Posted on April 8, 2011 by Megan Hawley

Consumer Laws and Councils

From 1 January 2011 the provisions of various statutes dealing with consumer protection were consolidated into the Australian Consumer Law (ACL), which is contained in Schedule 2 to the Competition and Consumer Act 2010 (formerly the Trade Practices Act 1974).

The ACL applies as a law of NSW and applies to local government authorities.  The ACL introduces many new protections for consumers, most of which are unlikely to be relevant to councils. However, one protection which could be relevant is consumer guarantees.

Consumer guarantees are statutory guarantees that apply to contracts with consumers for the provision of goods and services. In respect of services, the statutory guarantees are that:

  • the services will be rendered with due care and skill;
  • the services will be fit for purpose; and
  • if the contract does not specify a time for provision of the services, they will be provided within a reasonable time.

The consumer guarantees cannot be excluded by contract.

The consumer guarantees only apply to services supplied in trade or commerce, and where the services are supplied to a consumer.

A consumer of services is defined in the ACL as a person who acquires services for an amount of less than $40,000, or if the services are of a kind ordinarily acquired for personal, domestic or household use or consumption.

When a council is exercising its regulatory functions, it is not acting in trade or commerce. However, councils which carry on businesses, such as operating saleyards,  or airports, would be considered to be acting in trade or commerce in respect of those services.

The position is not as clear where council supplies services pursuant to statute, such as where it is acting as a water supply authority. On balance, I am of the view that in that respect a council would still be considered to be acting in trade or commerce.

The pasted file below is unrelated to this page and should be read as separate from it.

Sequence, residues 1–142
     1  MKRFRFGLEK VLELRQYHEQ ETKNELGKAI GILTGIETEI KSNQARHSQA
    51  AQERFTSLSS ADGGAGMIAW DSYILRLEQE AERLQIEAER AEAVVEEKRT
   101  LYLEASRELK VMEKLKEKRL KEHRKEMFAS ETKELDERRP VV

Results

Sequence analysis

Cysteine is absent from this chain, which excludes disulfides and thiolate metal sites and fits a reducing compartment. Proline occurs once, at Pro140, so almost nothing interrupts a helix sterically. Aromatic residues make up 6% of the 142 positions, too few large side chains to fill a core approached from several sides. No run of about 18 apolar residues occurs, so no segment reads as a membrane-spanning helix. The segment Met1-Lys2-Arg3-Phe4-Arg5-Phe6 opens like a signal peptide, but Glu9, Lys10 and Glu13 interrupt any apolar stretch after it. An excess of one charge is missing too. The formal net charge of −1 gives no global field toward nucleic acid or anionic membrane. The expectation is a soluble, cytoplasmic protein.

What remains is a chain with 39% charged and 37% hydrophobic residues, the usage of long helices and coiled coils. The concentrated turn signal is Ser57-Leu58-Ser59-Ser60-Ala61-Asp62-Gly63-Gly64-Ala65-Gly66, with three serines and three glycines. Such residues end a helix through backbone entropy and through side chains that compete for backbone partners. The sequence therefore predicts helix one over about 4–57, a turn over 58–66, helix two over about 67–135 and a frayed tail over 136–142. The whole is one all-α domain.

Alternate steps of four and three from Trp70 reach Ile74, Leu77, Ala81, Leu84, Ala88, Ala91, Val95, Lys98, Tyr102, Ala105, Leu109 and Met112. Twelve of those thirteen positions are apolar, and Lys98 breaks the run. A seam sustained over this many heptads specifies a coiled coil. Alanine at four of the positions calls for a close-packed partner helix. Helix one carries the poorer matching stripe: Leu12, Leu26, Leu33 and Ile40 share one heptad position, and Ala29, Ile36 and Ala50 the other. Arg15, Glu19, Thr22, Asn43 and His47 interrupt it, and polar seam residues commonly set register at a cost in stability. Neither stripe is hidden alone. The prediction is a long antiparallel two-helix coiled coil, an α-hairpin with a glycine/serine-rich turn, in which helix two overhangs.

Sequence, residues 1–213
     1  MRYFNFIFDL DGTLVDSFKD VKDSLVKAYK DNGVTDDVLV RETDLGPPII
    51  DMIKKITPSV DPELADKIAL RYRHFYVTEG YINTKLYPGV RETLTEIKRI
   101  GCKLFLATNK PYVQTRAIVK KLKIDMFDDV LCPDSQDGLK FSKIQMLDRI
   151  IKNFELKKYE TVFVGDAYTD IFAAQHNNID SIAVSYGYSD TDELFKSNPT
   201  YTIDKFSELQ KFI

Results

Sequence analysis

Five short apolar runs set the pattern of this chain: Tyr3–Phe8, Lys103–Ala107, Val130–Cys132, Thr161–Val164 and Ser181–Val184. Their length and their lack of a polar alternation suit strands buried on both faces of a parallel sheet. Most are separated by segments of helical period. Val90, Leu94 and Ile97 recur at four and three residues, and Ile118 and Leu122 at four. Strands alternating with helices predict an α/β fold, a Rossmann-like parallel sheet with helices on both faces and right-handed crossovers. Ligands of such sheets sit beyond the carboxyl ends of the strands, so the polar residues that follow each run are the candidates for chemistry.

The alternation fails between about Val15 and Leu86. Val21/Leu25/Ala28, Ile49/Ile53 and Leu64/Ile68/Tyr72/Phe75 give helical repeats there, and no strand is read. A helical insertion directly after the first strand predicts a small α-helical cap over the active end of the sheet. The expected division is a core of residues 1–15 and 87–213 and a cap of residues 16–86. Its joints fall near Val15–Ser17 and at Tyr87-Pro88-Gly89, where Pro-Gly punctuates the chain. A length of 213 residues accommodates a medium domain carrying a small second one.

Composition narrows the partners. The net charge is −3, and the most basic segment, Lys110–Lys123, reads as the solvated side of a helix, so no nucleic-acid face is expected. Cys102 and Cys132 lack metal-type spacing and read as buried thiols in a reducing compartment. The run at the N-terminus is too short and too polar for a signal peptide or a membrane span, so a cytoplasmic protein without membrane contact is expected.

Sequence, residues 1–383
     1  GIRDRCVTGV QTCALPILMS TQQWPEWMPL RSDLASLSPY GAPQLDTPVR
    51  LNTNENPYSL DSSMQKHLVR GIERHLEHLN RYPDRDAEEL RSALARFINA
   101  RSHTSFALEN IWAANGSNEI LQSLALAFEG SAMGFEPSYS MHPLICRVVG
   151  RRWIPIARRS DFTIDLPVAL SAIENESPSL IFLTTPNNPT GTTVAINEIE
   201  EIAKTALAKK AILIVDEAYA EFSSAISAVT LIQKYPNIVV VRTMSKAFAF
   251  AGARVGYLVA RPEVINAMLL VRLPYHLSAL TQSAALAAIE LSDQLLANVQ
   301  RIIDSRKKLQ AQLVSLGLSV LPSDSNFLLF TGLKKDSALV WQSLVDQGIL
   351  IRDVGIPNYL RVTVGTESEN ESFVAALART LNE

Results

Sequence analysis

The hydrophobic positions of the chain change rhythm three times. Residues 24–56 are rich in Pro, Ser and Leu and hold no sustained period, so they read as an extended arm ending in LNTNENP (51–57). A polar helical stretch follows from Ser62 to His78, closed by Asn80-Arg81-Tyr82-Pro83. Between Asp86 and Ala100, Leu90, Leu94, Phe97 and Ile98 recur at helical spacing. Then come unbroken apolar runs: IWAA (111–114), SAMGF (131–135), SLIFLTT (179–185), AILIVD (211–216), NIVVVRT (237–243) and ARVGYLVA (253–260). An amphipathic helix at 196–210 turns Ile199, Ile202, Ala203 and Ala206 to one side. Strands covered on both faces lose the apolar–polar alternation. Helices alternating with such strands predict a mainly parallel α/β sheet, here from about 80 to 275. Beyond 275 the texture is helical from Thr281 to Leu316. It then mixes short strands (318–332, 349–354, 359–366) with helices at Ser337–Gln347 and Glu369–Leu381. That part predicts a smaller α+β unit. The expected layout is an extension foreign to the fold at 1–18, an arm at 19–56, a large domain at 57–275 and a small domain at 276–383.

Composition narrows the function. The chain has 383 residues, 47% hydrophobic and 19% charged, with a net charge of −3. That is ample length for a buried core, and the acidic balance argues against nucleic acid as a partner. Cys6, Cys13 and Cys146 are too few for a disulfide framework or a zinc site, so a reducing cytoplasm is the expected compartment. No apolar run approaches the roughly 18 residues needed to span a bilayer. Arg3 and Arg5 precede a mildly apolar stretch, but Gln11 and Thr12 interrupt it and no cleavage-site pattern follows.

Councils should ensure that when providing any services, it has regard to the consumer guarantees.

The ACL also incorporates general provisions regarding fairness in dealings. Those provisions are:

  • a person must not in trade or commerce, engage in conduct which is misleading or deceptive, or is likely to mislead or deceive;
  • a person must not in trade or commerce, engage in conduct that is unconscionable, including in business transactions, and when acquiring goods or services from small businesses; and
  • a term of a consumer contract is void if the term is unfair and is in a standard form contract.

In respect of unfair contract terms, councils should consider whether any standard form contracts it uses for the provision of services to consumers, contain any terms which could be considered unfair. Examples include provisions which enable the council to terminate or vary the contract, but not the consumer.

It should be noted that provisions of consumer contracts which may be considered unfair may be appropriate in a commercial contract.

As a general proposition, and given councils’ charter in s8 of the Local Government Act 1993, councils should attempt to follow the principles in the ACL in all of its dealings, whether the ACL strictly applies or not, particularly in respect of dealings with consumers.